In the House….After last week’s indictment of Rep. Rick Renzi (R-Ariz.), the House continued its skittish debate over the creation of an independent ethics office. Democrats yanked a slated vote on the proposal as the GOP offered a competing plan to expand the existing ethics committee; neither proposal would grant subpoena power to a new body. By 212-198 vote, Democrats defeated a GOP attempt to force a vote on Senate-passed FISA legislation that grants telecom companies immunity. On Wednesday, the House voted to eliminate $18 billion in tax subsidies for oil companies and expand renewable energy incentives. That bill, HR5351, faces an uphill Senate fight and White House veto.
In the Senate….The largest $35-billion Indian health care overhaul in over a decade won passage after protracted battle, increasing federal spending by an annual average of $500 million for 10 years. “People are literally dying because we have not acted,” said Sen. Byron Dorgan (D-North Dakota), the chief sponsor. In what was expected to be a largely symbolic move, two of Sen. Russ Feingold (D-Wis.)’s Iraq-related measures were unexpectedly seized by the Republicans as an opportunity to debate the success of the “surge,” and simultaneously delay consideration of a Democrat-backed housing bill. After three days, the Democrats pulled the two bills without final votes taken. Sen. Harry Reid (D-Nev.)’s subsequent attempt to take up the housing bill likewise stalled as Republicans pilloried its proposal to allow bankruptcy judges’ modification of mortgage terms for principal residences; the White House threatened to veto the bill.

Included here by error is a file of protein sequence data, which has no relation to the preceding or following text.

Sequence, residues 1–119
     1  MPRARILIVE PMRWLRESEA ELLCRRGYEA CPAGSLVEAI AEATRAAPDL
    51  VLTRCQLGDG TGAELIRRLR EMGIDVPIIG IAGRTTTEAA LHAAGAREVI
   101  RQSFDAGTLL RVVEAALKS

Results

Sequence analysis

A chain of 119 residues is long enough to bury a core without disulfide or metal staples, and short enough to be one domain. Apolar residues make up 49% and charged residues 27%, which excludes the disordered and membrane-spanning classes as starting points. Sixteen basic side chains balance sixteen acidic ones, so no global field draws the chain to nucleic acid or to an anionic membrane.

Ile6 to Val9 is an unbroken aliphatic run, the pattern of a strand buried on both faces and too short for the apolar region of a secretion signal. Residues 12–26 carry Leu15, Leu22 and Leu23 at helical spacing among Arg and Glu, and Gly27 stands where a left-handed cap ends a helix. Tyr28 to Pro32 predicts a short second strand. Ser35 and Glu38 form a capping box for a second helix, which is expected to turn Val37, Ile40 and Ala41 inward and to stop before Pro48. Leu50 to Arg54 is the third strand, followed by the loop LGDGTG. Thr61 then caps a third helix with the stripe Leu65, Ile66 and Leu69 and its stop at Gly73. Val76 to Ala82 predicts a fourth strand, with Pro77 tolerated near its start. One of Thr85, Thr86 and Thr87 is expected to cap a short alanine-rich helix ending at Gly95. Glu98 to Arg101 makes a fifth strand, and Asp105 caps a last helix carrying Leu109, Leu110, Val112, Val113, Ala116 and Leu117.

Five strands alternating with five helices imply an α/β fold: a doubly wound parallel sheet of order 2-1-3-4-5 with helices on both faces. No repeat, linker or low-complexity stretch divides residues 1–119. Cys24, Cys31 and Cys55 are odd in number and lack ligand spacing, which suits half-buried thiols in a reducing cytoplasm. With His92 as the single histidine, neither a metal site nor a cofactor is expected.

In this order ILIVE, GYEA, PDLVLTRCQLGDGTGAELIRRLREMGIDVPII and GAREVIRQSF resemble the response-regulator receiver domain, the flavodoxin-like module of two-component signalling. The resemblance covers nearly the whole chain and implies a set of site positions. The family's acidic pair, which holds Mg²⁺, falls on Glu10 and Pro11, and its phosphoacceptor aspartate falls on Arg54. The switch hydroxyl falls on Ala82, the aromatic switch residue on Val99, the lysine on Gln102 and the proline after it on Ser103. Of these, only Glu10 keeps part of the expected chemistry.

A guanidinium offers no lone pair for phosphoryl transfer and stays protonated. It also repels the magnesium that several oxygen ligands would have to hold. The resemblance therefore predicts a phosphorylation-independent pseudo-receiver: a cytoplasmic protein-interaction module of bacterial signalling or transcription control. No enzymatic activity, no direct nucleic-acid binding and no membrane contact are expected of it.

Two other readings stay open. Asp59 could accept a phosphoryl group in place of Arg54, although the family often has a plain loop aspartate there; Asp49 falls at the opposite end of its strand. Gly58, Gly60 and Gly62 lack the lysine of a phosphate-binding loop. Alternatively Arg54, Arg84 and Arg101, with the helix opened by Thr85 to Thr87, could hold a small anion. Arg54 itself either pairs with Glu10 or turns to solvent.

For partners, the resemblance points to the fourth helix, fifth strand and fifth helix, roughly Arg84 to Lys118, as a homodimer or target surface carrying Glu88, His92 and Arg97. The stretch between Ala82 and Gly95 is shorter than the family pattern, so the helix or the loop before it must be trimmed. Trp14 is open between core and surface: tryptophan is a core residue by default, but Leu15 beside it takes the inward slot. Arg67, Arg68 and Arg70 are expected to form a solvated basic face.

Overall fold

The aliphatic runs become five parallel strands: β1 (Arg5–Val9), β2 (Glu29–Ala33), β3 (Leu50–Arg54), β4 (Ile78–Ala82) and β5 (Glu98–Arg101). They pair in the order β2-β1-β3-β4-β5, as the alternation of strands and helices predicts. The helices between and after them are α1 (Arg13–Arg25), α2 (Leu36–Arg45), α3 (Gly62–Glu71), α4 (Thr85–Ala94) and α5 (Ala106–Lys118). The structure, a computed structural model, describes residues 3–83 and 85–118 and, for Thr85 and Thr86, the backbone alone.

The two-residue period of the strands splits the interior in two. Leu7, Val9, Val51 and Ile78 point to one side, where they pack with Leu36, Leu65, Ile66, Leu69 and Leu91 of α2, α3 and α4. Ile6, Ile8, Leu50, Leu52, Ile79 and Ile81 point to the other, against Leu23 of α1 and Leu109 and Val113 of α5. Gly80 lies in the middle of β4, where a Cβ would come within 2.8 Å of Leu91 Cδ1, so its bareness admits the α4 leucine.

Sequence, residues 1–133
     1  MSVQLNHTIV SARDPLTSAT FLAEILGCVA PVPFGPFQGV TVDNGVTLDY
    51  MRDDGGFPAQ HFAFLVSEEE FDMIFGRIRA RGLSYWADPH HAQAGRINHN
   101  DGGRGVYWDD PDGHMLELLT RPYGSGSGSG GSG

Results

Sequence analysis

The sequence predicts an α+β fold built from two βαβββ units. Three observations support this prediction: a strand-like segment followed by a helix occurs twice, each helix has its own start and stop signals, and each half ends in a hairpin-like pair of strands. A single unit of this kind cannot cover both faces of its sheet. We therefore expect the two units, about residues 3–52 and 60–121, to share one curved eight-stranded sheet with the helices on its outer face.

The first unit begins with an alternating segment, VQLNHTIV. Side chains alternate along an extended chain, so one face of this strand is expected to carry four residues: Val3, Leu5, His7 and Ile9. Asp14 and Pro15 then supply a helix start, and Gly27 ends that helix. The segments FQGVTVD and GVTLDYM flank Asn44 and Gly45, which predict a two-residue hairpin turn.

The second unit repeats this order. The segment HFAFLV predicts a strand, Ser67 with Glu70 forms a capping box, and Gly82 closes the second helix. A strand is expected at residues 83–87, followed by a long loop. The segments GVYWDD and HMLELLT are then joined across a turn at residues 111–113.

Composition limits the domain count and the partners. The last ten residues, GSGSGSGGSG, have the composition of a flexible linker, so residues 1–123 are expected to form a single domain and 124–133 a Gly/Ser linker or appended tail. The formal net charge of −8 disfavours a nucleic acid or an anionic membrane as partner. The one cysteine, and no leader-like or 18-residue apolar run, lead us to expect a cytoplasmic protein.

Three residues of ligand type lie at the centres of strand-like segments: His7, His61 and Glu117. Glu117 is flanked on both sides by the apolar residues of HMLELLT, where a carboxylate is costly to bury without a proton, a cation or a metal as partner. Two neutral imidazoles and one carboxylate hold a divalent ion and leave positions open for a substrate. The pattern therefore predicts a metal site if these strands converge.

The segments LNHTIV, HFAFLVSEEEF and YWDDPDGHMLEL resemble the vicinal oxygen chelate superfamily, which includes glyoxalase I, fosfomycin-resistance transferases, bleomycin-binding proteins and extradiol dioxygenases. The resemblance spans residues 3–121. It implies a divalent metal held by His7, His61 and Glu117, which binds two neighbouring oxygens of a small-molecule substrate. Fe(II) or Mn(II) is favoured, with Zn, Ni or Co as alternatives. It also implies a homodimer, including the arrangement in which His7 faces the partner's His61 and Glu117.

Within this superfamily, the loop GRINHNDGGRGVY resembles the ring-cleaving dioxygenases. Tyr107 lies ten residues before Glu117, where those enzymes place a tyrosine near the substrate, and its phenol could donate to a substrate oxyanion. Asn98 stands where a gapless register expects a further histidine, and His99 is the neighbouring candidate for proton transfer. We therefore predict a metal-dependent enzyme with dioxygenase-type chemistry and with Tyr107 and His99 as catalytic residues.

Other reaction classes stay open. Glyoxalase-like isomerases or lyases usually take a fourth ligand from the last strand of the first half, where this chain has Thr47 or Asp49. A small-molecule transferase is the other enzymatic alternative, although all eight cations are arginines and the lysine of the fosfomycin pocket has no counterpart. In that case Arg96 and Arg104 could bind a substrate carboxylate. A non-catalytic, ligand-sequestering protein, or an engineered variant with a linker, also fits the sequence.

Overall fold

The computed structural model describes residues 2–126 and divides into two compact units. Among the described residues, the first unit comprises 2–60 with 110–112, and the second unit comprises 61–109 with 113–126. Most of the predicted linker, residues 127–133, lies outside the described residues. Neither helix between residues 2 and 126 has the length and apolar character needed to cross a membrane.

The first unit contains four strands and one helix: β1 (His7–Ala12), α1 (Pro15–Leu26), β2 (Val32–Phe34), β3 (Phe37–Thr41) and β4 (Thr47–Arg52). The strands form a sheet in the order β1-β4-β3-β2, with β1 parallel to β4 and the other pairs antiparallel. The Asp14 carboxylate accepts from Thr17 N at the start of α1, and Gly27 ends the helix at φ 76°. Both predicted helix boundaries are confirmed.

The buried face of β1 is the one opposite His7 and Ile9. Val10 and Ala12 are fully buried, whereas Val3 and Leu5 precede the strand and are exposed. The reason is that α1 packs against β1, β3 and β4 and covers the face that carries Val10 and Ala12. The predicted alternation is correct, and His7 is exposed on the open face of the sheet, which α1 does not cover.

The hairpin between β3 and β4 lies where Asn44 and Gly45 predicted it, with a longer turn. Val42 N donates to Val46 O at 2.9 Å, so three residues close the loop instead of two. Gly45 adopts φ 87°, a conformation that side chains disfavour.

Also this week, under threat of subpoena, former Attorney General John Ashcroft agreed to testify before the House about the no-bid, 18-month consulting contract worth up to $52 million his company was awarded to oversee a DOJ settlement. In a packed Cambridge public hearing, the FCC weighed whether to discourage cable giants like Comcast from discriminating against particular web sites or types of traffic. Both the House and Senate voted to extend the Andean trade promotion program for 10 months. Meanwhile over the weekend, state governors entreated Congress to end new Medicaid regulations that would shift billions onto already struggling state budgets (fully 21 states face budget shortfalls in 2009).
On Wednesday, the House Foreign Affairs Committee approved a bill to reauthorize Bush’s global AIDS program, boosting Bush’s original $30 billion funding request to $50 billion and eliminating the requirement that one-third of funding promote abstinence education. The White House reacted less than enthusiastically: “We don’t think it’s smart to send additional American taxpayer dollars that will sit there and not be used, or used ineffectively,” said Dana Perino.
And as the Republican Study Committee urged more business tax cuts, at a Thursday press conference, President Bush exhorted Congress to make his 2001 and 2003 tax cuts permanent. The President also rebuffed the notion that the U.S. was experiencing a recession: ”We’ll make it through this period just like we made it through other periods of uncertainty during my presidency,” he said.